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Santino 07-05-2011 01:58 PM

Question about gaps in mortar joints
 
2 Attachment(s)
Hey guys - quick question. I am not experienced or skilled enough to taper all of my bricks, nor do I have the best tools to do the job. I am just cutting each brick in half for each course until I get towards the top. Would it be better to put small pieces of broken firebrick in the mortar joints and use less mortar, or fill the entire gap with mortar? Thank you.

nissanneill 07-05-2011 03:22 PM

Re: Question about gaps in mortar joints
 
Santino,
there are 2 thoughts to your situation, if using refractory mortar, then as it is expensive, you might place wedges in the wider gaps to reduce the cost but if you use the poor man's mortar, (which I believe is much better, cheaper and not prone to cracking if put on wet bricks). To put wedges in, you will need to cut them which makes more work for you and you may as well then cut your bricks to shape!!!!
You will however need to cut your bricks as you near the top courses as the gaps will increase.

Cheers.

Neill

Santino 07-05-2011 06:50 PM

Re: Question about gaps in mortar joints
 
Neil, it looks like you were gonna say something after the parenthesis but maybe forgot? Were you gonna say that if I use the poor man's mortar I'd be fine without firebrick shims?

BarryKeith 07-05-2011 09:51 PM

Re: Question about gaps in mortar joints
 
1 Attachment(s)
I did my whole dome with firebrick wedges that I cut trying to make the bricks fit closer together. It worked GREAT and I used far less mortar. I would allow the wedge to hang out of the gap and then snap them off the next day when the mortar had set. Much more functional than using wood shems.

asudavew 07-06-2011 03:09 PM

Re: Question about gaps in mortar joints
 
I just used mortar. I switched to thirds when I reached closer to the top.

Santino 07-07-2011 02:00 PM

Re: Question about gaps in mortar joints
 
4 Attachment(s)
Hey guys, thanks for all of your replies. I will probably employ both methods throughout, using shims on any real wide gaps and using only mortar when needed. Would you mind answering a few more questions? I posted a couple pics to show what I'm talking about.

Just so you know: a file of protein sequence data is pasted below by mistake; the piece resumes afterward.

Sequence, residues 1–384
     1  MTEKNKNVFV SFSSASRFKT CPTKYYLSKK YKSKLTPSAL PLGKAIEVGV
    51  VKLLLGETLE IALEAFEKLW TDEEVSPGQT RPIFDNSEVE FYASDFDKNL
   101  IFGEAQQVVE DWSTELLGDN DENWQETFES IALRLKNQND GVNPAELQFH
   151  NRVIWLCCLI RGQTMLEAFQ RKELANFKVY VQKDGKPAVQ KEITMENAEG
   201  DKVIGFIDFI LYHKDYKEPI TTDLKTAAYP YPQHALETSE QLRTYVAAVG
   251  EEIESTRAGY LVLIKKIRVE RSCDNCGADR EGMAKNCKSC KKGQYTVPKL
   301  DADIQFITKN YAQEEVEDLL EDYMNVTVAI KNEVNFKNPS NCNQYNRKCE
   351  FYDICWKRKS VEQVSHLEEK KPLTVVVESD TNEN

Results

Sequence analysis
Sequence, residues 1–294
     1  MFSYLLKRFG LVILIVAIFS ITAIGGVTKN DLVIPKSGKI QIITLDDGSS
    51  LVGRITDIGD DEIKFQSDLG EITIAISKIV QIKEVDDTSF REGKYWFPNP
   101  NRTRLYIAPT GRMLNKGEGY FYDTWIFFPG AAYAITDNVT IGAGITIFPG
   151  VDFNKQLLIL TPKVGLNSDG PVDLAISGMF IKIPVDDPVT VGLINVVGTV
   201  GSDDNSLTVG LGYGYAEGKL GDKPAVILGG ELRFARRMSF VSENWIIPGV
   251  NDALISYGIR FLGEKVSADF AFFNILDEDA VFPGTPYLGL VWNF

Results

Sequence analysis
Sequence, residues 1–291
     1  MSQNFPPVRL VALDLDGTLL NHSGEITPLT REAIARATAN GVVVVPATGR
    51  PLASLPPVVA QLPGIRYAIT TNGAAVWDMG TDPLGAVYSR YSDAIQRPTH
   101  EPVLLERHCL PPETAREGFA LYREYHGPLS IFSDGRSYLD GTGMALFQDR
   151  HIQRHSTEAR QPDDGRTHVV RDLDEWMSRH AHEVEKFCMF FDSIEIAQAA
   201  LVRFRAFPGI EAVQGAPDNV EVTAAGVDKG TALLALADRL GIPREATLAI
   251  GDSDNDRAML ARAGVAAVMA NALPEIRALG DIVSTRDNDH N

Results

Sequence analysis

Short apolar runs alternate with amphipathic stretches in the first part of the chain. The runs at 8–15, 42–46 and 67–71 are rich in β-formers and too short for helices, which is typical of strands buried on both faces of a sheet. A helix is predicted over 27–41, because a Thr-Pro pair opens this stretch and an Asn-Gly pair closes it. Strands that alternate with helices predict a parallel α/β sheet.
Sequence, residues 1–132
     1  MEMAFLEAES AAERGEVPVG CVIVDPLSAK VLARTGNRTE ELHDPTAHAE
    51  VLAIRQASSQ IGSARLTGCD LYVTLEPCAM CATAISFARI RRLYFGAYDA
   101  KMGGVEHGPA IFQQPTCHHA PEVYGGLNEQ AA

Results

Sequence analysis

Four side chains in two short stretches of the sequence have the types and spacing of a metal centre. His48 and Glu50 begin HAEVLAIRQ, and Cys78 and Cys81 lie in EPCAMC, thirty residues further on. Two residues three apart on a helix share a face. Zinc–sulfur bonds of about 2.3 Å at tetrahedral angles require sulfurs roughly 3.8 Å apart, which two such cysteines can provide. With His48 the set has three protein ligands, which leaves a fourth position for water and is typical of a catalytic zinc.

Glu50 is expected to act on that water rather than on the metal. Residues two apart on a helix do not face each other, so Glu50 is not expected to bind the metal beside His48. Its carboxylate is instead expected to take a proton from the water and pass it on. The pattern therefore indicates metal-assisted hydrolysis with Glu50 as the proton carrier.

1) The first pic is just a dry run of what I wanted to do with my oven arch. The top middle brick is only representative of where my keystone will be so I still have to cut it to fit. Besides that, does it look ok? Should I try to have equal mortar joints throughout or how does that work?

2) Picture 3 shows where I cut the first course brick that meets the arch. I do not have a tile saw so I am using a table saw and I only have a 7" blade so I am having to make 2 passes to cut all the way through. Therefore, it is extremely difficult to get the cut perfect. Will the notches in the cut brick be a problem for strength or will the mortar tie everything together?

3) Picture 4 shows a gap in between the 2nd course of bricks and the arch. Can I just cut a small piece of brick to fit that void or should I just use a full brick and cut it to shape?

Thanks guys for your help. I hope you don't mind all the questions, but I have no construction experience and really no one locally to help me with this so I'm kinda own my own and learning as I go.

BarryKeith 07-07-2011 04:39 PM

Re: Question about gaps in mortar joints
 
I would think about standing that first row up. I used full brick, but I know many people use half bricks, but stand them up. The gap between the floor and the first (soldier) row will be less standing them up. I would also trim the bricks for the arch so the bottom is smaller than the top, even a little bit will help with the gaps. Going into the arch, get it to fit the best possible. Those were my most difficult cuts. I had the same problem with my 7" saw so I went to harbor freight and got their 10" saw. Don't get discouraged, enjoy the build.

Santino 07-10-2011 09:05 PM

Re: Question about gaps in mortar joints
 
Barry, I'd like to stand the first row up, but I'm using used bricks. Because of that, I decided to cut all of my bricks in half and use the clean cut side as the interior of my dome to make sure that the cooking area was as clean as possible.

Do you have a picture of what you're describing for the arch brick cuts (bottom is smaller than the top)? I think I understand what you're saying, but just want to make sure. Unfortunately, this is an unemployment boredom project, so money is a little tight to buy the proper saw. But one way or the other, I will get it done right - it just might take a longer (well a lot longer...).

Thanks,
Chris

nissanneill 07-11-2011 06:50 AM

Re: Question about gaps in mortar joints
 
Santino,

Quote:

Neil, it looks like you were gonna say something after the parenthesis but maybe forgot? Were you gonna say that if I use the poor man's mortar I'd be fine without firebrick shims?
Sorry to get back so late but that is correct. poor man's mortar is cheap, it fill large gaps cheaply and it is great. No cracking at all in mine so naturally, I'd recommend it.
If however you decided to use refractory cement, then I believe that you need 2 types for thin joints up to 2-3mm and another for the larger ones up to 10mm.Poor man's mortar can be used for all.

Cheers.

Neill

Santino 07-11-2011 09:26 AM

Re: Question about gaps in mortar joints
 
Neill, thanks for the reply. I'm definitely using the homebrew mortar. I might eventually get my hands on some refractory mortar for free soon, but I already bought my ingredients because I don't want to wait. Just laid my cooking floor yesterday so I'm very excited about pushing through to get this dome completed.


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